Thanks for posting this! I'm not going crazy!
I'd been heavily involved in horses from 1976 until a couple of years ago.
My poor trainer (who is not a horse person) doesn't get why I'm still stuck on some of these things, old habits and all, 'Whaddya mean I can't look in the direction I want my dog to go?' LOL!
He also says 'pattern training' is a no-no but in reading Sheila Booth's book "Schutzhund Obedience, Training in Drive" she explains her reasoning
why it's O.K.
I'm going to be good though and keep working at it!
Here too. I'm 24 and have been riding since I was 3 1/2. I sold my last horse what will be 2 years ago this summer. I've dabbled in all different disciplines... and it's the same for all. Help the horse with your aids. Eyes, shoulders, hands, hips, upper/lower legs, and heels. When jumping... Look to the direction of your next jump.... let the horse know where you want them to go next.... this gives you your lead change and tight turns coming off the jump. Dressage, is the same... lots and lots of "handler help".
I'm notorious for looking where I want them to go... or when going into a down/sit in motion, my hand moves to "help" the dog. I know I shouldn't, and I try not to, but it's such a habit. With Duke I had to be very animated to get him to work "up" and not flat like he is naturally. And with the puppy, you help them to understand when they are young..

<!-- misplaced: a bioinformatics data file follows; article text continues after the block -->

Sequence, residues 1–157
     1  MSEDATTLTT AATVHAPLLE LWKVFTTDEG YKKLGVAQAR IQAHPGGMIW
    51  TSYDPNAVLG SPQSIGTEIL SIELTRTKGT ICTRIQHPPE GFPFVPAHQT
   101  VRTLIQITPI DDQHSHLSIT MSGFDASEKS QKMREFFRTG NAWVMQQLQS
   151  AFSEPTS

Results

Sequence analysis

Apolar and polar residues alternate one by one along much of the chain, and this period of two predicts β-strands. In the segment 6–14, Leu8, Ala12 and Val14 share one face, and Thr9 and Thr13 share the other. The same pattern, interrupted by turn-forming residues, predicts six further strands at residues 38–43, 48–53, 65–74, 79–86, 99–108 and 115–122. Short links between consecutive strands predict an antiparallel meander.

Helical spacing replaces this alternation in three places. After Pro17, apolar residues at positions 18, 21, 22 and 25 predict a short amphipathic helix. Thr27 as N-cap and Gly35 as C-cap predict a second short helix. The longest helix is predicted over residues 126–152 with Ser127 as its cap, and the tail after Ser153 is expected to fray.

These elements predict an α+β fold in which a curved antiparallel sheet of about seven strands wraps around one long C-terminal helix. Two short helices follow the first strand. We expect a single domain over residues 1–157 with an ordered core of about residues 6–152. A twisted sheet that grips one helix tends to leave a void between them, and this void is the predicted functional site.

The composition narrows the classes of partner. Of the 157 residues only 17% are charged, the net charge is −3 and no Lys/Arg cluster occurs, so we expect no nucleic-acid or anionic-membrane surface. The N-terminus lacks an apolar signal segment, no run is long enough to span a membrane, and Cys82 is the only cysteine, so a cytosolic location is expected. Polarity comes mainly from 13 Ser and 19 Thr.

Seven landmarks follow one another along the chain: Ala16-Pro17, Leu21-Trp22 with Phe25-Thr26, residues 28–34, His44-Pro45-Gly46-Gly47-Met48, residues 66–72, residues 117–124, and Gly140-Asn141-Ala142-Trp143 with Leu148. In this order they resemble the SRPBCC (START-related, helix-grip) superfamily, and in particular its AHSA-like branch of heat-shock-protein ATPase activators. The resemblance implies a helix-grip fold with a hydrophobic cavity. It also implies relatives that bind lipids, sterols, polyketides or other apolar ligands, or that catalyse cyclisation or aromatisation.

Like you, I have a trainer who is not a horse person either. So for him, he just doesn't get why it's so ingrained in my head.
Another problem I have from coming from the horse training first is.... because I dealt with a lot of high energy horses (OTTB, Warmbloods, horses that were giving owners issues, and rescued mustangs), It was very hard for me to be high energy and silly when training the dogs. Back with the horses, I had to have very quiet energy, very calming, and relaxing. That's been my hardest lesson to learn.... Still find myself going "flat" as my trainer says. lol. Like we all say out at class.... we are there for handler training more then dog training.